My Pac-Man World Experience

Pac-Man World: Re-Pac was recently released, and it’s a remake of Pac-Man World, a 3-D platformer originally on the PSOne to celebrate Pac-Man’s 20th anniversary.  Pac-Man World may not be one of my favorite Pac-Man games, but I have a lot of special memories about it that I thought I’d share with you in this blog.  Plus my opinion on the remake, what has changed and stayed the same, etc.  So grab a bowl of Pac-Dots and let’s get chomping!

So as many of you may know, I’m a huge fan of Pac-Man. I’d like to claim that I’m probably the biggest Pac-Man fan in the world.  That may not be true, but I’ll say so anyway.  If you think you’re a bigger Pac-Man fan, please let me know!  I’d love to hear from a fellow Pac-Man freak.  Anyway, I was born in the mid 1970s, so I grew up experiencing the full assault of Pac-Man Fever as a kid.  I ate Pac-Man pasta, slept on Pac-Man bedsheets, and watched the Saturday morning cartoon!  Heck, I even went to Pac-Man Land in Six Flags Over Texas!  Yes that really was a thing!  I was into other toys like Star Wars and Transformers, but while I grew out of those, I NEVER grew out of Pac-Man!

Fast forward to the mid 1990s.  I had just finished my first year of college, and that summer there was an ad in The Dallas Morning News calling for game reviewers.  I tried out and actually made it, and that’s one of my proudest achievements.  I always thought it would be cool to attend video game trade shows like CES and the new-at-the-time E3.  And now that I was a member of the press, I decided I’d try and go to E3 that next year.  Back then, E3 was totally mind blowing, and it was even more amazing for a Pac-Man fan like me because as soon as I got to Namco’s booth, they were showing off a new 3D Pac-Man game called Pac-Man Ghost Zone!  I still have my yellow Ghost Zone squishy ball they were giving out that year!

Unfortunately, Ghost Zone never came out. It’s a shame because I really like that title.  But part of the problem was all the strict rules that Namco Japan had for the US team.  For instance, they said that you couldn’t play as the actual Pac-Man character.  So how did they get around that?  Well the story went that you were a kid who was sucked inside a Pac-Man arcade machine, and you turned into Pac-Man.  So you were not REALLY Pac-Man.  There were other stupid rules they had to follow, that was just an example.  But ultimately, the game just wasn’t ‘gelling’ so it got cancelled.  I hate it that a lot of the members of the Ghost Zone team probably got fired, but I bet that sort of thing happens in the video game industry way more than we realize.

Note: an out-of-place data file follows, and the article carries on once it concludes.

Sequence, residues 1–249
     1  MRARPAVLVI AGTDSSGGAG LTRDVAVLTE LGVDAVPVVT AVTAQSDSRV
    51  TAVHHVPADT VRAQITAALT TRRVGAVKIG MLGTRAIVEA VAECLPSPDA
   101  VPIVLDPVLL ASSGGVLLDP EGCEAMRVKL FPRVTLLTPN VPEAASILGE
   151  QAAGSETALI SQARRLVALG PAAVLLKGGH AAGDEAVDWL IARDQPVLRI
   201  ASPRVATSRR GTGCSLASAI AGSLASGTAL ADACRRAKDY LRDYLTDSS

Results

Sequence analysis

But out of the ashes of Ghost Zone came a new team and a new game.  At the next year’s E3, it was called Pac-Man 3D, but would later change the year later to Pac-Man World.  One of the reasons why Pac-Man World is such a special game to me is that it’s one of the first games I got to follow from start to finish as a game reviewer.  Some of the changes they made between these titles were kind of interesting.  For instance, the boss in the pirate level, a giant ship with a sail with eyes on it, was originally named H.M.S. Hanky.  But they had to change the name because around that time a little TV show came out called South Park, and one of the characters was a talking piece of poo named Mr. Hanky, and the Pac-Man World team didn’t want to be associated with that.  So he got changed to H.M.S. Windbag.  It’s a shame because I like the first name better.  But I can’t blame them for changing it.

Another reason why Pac-Man World is such a special game to me is that I got to meet and know many of the team members who worked on it.  I still talk with some of them to this day!  I always looked forward to seeing them at E3, and whether I was getting my picture taken with Pac-Man or eating yellow Dipper Dots while seeing their progress, talking with the PMW team at E3 was a real treat.  I mostly talked with Brian Leake and Scott Rogers, but other members of the team were great to talk with as well.  And dealing with the PR professionals like Jennifer Fitzsimmons was fantastic, too.  Some people say that shows like E3 are dead, but nothing will replicate getting to meet people in person like that.

Here’s some interesting facts about the PMW team.  Did you know that the game was heavily inspired by Disney?  The PMW team liked to go to Disneyland on their breaks, so many of the worlds in the game are based on their favorite rides.  It’s easy to see how the pirate, space, and spooky levels were based on Pirates of the Caribbean, Space Mountain, and The Haunted Mansion!  Another Disney influence was in the cutscenes.  Back then, Pixar had started to make a name for themselves with classics like Toy Story, A Bug’s Life, and Monsters Inc.  Many of these earlier movies had blooper reels in the credits, which is funny since they were animated movies and didn’t need blooper reels.  But you can also unlock a blooper reel in Pac-Man World as well!  I don’t think you can in the remake.  One of the PMW team members, Scott Rogers, actually went on to be a Disney Imagineer for a few years!  But before then he helped make other games like a little one you might’ve heard of called God of War, and one of my favorites, Maximo, a 3D spinoff of the Ghosts N Goblins series.  And now, Scott Rogers makes a lot of board games!